The local restaurateur says Jonesborough is more of a 'fast food town,' leading to the close of his business. (Nathan Baker/Johnson City Press)
After two years in a former Jonesborough fuel station, the owner of The Parson’s Son BBQ is packing up his pork and heading south.
“Friday is our last day. Kiss our perfect butts goodbye,” the sign out front read Wednesday to motorists passing by on busy 11E, traffic that restaurateur Tom Harwell said once held promise for him and his wife.
“We thought it was business traffic out there, but it’s not, it’s commuter traffic,” Harwell said from the dining room he converted two years ago from a vehicle service bay. “Most people are headed to Johnson City or Greeneville; only a small percentage are actually buyers.”
Since opening in August 2012 in the lot opposite the Washington County Justice Center — and time before that on Old State Route 34 as the Parson’s Son Restaurant — Harwell said the business wasn’t catching on the way he’d hoped, partially because Jonesborough was what he called a “fast food town.”
He said residents are more likely to hit the drive through at the Burger King next door, which had a lengthy line at 11 a.m. Wednesday, a stark contrast to The Parson’s Son’s empty parking lot.
“If the they do go out to eat, chances are they’re going to drive to Johnson City, because ‘they have better places to eat,’” Harwell said, making quotation marks with this fingers when saying the end phrase. “You can’t continue to do that and have the better places stay here. The people who own restaurants here are hardworking, salt-of-the-earth people trying to bring something to the town they love. They deserve better.”
He’d hoped to build a successful business around the food people kept telling him was good, then open a second location, then a third.
The catering business was healthy — Koyo Corp., CSX Railroad and the Washington County School System provided regular jobs — but dine-in customers were sparse. Loyal, but sparse.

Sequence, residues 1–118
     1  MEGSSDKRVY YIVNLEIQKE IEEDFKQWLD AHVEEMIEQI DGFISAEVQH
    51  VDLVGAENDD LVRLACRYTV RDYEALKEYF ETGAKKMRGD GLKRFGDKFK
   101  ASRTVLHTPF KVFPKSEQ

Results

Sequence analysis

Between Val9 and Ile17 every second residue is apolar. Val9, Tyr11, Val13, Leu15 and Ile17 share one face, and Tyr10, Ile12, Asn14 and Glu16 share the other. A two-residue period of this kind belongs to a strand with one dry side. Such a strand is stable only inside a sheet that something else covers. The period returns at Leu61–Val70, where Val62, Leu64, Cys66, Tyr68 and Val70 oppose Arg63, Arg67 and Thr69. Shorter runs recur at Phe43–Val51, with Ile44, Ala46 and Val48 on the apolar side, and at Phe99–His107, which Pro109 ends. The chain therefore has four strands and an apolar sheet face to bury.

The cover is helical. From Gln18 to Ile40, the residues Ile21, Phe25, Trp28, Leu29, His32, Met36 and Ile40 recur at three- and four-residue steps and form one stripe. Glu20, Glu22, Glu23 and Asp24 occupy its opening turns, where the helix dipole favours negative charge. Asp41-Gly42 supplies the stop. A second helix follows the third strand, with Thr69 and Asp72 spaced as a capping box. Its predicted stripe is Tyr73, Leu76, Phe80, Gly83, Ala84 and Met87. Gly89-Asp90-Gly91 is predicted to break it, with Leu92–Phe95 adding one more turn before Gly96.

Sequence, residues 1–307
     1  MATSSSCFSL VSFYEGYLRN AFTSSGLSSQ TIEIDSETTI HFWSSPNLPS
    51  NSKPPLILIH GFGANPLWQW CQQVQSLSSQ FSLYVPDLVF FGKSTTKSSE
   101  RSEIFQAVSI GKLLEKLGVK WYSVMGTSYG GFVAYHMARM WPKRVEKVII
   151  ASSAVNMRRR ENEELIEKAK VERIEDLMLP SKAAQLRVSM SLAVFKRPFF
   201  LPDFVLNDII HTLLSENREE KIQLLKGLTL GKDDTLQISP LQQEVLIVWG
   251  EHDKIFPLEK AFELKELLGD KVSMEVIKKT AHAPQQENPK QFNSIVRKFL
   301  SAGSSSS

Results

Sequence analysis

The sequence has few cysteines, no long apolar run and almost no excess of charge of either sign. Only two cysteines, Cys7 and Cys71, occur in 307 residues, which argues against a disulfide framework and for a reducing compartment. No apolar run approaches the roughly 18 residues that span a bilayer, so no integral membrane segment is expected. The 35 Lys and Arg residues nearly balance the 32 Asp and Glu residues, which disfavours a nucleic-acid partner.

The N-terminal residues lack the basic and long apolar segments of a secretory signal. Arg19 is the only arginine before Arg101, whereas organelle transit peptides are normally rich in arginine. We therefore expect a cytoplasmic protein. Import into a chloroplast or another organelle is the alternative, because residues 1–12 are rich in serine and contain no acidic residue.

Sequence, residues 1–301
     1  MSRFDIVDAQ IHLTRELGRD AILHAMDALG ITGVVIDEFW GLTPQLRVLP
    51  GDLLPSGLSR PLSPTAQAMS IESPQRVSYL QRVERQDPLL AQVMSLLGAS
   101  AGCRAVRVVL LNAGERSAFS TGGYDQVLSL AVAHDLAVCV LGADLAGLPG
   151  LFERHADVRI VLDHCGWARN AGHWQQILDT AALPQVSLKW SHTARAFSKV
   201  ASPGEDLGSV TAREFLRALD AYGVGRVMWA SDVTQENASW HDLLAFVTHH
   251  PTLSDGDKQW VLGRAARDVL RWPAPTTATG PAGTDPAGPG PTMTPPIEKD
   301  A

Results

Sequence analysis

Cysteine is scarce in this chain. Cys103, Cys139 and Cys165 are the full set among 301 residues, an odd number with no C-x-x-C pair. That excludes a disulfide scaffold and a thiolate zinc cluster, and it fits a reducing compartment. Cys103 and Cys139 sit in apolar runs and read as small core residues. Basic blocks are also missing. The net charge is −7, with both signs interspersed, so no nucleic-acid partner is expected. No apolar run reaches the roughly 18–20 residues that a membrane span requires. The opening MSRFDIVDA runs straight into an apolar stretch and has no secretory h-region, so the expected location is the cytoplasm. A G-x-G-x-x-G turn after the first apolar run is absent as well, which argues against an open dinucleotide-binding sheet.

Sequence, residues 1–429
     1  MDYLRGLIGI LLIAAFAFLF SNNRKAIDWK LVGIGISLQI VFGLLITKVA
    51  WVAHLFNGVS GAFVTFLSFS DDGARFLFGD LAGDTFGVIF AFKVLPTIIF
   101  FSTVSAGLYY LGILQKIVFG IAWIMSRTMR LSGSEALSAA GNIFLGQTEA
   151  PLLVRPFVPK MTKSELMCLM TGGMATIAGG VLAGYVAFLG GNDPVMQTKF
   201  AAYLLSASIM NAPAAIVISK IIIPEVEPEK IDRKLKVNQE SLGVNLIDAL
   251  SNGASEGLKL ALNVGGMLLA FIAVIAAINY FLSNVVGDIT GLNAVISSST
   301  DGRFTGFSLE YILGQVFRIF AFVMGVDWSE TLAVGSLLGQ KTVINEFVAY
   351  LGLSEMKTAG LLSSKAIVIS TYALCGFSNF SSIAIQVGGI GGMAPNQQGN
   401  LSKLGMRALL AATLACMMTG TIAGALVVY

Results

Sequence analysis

“We reached a point six months ago where we felt we’d reached our peak here, we didn’t feel like we could improve business enough to reach our long-term goals,” Harwell said.
At the end of the week, the Parson’s Son is closed to Jonesborough customers.
Harwell said he and his wife plan to move the name and the equipment 600 miles south to Ft. Walton Beach in Florida’s panhandle.
A 1,600-square-foot dining room near the entrance to a couple of military installments is ready for him to set up shop in late August, he hopes.
“We opened up here in five weeks, and that was in a building without a kitchen,” Harwell said. “Down there we’ve got a full kitchen and a walk-in cooler.”
Despite the way his comments about Jonesborough could be perceived, Harwell said they’re simply observations of the residents’ nature, and he doesn’t harbor any ill will.
“I’m not bitter, sometimes things work out to be stepping stones for something else, and that’s what I’m considering this to be,” he said with a shrug. “We didn’t lose anything, we did not fail, we just always wanted to be able to open multiple sites, and we’re not going to be able to do that with the traffic we get here.
“Without our experiences here in Jonesborough, I don’t think we would be able to do what we’re planning to do in Ft. Walton Beach.”
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